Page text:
Large areas above the UT occur in the MA, in the southern part of KaM and east of Lake Khuvsgul. In the KeM, areas above the treeline in > 2500 m a.s.l. are small. The UTs show a general rise from 2200 m a.s.l. at the mountains in the north of Uvs Nur and from 1800 m a.s.l. south of Lake Baikal to 2700 m a.s.l. in the southern parts of the MA and the KaM (Fig. 4a). At the southwestern side of the MA the UT rises steeply from 2100 to 2600 m a.s.l. in a northeastern direction. In the large mountain systems of the MA and KaM the UT stays in a relative constant altitude between 2400 and 2600 m a.s.l. Northeast of KaM, the UT has an explicit longitudinal direction and a UT depression of up to 800 m occurs in the basin of the Selenga River. It was verified using the forest cover change data of Hansen et al. (2013) that the extraordinarily low UT at 1800 m a.s.l. is not related to burnt forest. In large burnt areas, as they occur for example in the northern KaM, it could be expected that the actual treeline is shifted and may not represent the natural limit. However, small forest patches that remain vital represent the potential forested area. Relic forest stands provide valuable treeline values in the modeling process and help to identify areas of human or natural forest disturbance (Klinge et al., 2015; Miehe et al., 2003).

Large areas below the LT exist in the great basins and along the main river valleys, but they are also present in the intermontane basins (Fig. 4b). While the subtaiga is bordering the meadow–steppe, the lower treeline seldom occurs in the taiga and forests extend continuously into the valley bottom. Nevertheless, at smaller intermontane basins and valleys a lower forest boundary is still detectable in the Mongolian taiga. Concordant with the intensifying aridity, the LT is generally rising southward from 1000 to 2500 m a.s.l. in eastern Mongolia. The strong rise of the LT at the north- and southwestern slopes of the Altai Mountains is due to the convective rainfall in the western ranges and the eastward intensification of aridity in the MA.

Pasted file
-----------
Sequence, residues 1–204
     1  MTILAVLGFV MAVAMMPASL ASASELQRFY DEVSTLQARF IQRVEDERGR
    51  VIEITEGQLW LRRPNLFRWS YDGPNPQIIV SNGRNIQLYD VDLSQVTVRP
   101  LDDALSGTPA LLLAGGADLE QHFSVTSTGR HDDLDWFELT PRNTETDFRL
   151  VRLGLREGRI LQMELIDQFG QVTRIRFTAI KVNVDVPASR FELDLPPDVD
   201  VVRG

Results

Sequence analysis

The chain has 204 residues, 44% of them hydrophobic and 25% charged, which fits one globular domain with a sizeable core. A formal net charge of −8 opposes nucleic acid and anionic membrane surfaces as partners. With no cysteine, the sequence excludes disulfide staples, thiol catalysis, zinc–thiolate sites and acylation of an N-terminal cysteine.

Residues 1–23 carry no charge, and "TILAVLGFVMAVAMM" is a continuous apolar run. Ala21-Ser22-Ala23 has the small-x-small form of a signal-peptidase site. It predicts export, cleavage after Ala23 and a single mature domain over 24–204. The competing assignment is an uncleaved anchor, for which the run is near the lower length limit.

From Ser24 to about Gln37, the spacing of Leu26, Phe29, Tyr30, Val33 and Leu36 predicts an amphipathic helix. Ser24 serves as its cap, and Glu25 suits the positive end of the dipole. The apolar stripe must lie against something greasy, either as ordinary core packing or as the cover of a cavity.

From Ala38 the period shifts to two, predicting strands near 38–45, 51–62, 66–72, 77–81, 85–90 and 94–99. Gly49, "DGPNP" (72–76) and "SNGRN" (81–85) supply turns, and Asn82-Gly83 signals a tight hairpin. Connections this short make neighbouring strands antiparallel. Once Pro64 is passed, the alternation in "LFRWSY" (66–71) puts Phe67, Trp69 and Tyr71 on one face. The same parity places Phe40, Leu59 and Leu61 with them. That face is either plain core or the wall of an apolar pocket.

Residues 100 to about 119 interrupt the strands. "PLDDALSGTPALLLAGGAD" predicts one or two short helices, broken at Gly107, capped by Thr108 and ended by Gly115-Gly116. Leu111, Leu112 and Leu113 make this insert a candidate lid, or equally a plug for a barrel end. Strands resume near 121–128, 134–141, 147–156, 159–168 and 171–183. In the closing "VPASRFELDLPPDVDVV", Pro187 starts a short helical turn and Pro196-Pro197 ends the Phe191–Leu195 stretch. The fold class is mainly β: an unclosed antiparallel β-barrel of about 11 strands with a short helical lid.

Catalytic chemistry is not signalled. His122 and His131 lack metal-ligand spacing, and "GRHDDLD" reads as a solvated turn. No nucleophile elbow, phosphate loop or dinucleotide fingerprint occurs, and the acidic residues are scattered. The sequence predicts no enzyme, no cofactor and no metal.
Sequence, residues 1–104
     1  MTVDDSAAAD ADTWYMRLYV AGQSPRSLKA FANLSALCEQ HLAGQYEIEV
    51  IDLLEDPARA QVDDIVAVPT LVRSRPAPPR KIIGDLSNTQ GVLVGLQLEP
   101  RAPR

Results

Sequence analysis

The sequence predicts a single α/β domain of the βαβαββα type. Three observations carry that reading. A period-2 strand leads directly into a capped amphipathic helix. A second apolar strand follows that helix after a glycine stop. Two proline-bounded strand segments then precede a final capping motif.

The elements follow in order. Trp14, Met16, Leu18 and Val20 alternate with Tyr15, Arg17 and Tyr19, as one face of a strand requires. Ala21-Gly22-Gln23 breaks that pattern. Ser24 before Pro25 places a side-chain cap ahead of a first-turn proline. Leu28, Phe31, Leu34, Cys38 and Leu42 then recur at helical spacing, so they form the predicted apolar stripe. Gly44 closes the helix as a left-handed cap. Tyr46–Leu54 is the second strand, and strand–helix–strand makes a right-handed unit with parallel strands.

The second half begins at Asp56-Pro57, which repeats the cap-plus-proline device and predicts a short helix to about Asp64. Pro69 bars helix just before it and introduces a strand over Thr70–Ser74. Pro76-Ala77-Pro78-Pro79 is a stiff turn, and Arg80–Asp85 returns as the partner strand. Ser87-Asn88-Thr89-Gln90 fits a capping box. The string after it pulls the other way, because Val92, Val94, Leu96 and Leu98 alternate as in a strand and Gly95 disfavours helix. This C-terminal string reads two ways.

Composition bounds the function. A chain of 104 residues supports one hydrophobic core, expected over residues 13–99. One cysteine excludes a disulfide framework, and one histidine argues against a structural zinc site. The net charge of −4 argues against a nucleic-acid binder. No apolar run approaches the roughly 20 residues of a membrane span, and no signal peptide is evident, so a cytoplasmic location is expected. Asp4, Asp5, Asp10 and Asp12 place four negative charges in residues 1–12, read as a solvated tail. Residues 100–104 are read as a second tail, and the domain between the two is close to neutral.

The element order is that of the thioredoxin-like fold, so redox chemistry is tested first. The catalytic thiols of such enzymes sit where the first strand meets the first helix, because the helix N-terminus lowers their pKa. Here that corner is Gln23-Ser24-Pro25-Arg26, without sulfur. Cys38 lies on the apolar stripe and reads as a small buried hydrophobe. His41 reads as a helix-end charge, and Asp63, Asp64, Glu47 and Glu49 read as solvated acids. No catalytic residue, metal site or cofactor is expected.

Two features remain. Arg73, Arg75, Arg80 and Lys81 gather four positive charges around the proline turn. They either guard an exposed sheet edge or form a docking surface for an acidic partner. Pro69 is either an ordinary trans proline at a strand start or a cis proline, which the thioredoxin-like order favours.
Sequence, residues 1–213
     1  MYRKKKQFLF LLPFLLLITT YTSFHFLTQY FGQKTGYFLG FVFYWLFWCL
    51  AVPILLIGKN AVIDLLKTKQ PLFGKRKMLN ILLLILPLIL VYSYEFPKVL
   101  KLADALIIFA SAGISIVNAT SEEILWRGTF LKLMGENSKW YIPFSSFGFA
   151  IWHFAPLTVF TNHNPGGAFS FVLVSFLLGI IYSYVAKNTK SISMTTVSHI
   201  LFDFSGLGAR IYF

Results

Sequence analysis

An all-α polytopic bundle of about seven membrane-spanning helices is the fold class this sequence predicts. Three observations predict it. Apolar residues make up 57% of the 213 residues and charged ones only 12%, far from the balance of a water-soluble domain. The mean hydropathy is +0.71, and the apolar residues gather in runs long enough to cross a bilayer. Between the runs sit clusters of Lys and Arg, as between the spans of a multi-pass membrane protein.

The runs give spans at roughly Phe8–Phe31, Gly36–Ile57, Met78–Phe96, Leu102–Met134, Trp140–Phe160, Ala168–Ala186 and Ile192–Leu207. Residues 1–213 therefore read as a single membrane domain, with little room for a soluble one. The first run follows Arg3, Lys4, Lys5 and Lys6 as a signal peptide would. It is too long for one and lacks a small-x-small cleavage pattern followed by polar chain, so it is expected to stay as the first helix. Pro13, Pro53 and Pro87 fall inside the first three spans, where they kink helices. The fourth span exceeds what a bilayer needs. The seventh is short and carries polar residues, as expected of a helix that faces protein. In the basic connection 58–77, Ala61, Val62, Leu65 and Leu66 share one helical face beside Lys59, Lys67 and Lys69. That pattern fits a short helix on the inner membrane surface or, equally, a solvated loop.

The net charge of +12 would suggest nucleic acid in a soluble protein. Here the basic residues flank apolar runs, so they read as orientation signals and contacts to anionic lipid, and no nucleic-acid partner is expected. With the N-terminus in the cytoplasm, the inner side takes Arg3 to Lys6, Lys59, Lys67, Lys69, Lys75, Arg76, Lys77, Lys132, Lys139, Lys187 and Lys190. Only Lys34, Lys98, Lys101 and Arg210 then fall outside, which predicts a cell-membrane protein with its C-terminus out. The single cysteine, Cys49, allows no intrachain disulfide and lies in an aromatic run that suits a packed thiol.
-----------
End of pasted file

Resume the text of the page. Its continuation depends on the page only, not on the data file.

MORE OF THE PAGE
The forested area of central Mongolia, which remains between the large areas beyond the treelines, is small from the top-down view. However, the spatial expansion of forests has a particular vertical component (Fig. 4c). The maximum altitudinal expansion of the forest belt of up to 1000 m vertical distance occurs in the northwestern subtaiga and taiga. In the mountain forest–steppe of the central MA, the western KaM and in the mountains at Lake Khuvsgul, the altitudinal extent of forests reduces below 400 m. In the southeastern part of the MA, the UT and LT converge, the forest belt disappears, and the mountain steppe directly passes over into the alpine belt. Due to the extraordinarily low UT, thin forest belts also occur in the area northeast of the KaM and in the southwestern part of KeM. This can be related to human impact by forest clearing in a more populated region.

Figure 5Mean annual precipitation (MAP) and mean air temperature during the growing season (MGST) related to the mean growing season NDVI of random points of different ecosystem units (values averaged for the investigation period 1999–2013). The straight lines represent the linear regressions between climate parameters and NDVI. The distribution curves represent the frequency of random points (%). Dashed lines represent forest values (f), continuous lines represent grassland values (s), yellow colors represent lower treeline values (LT), green color represents upper treeline values (UT) and black colors represent the total ecological unit values (TE). Vertical grey dashed lines indicate the deduced minimum values for tree growth.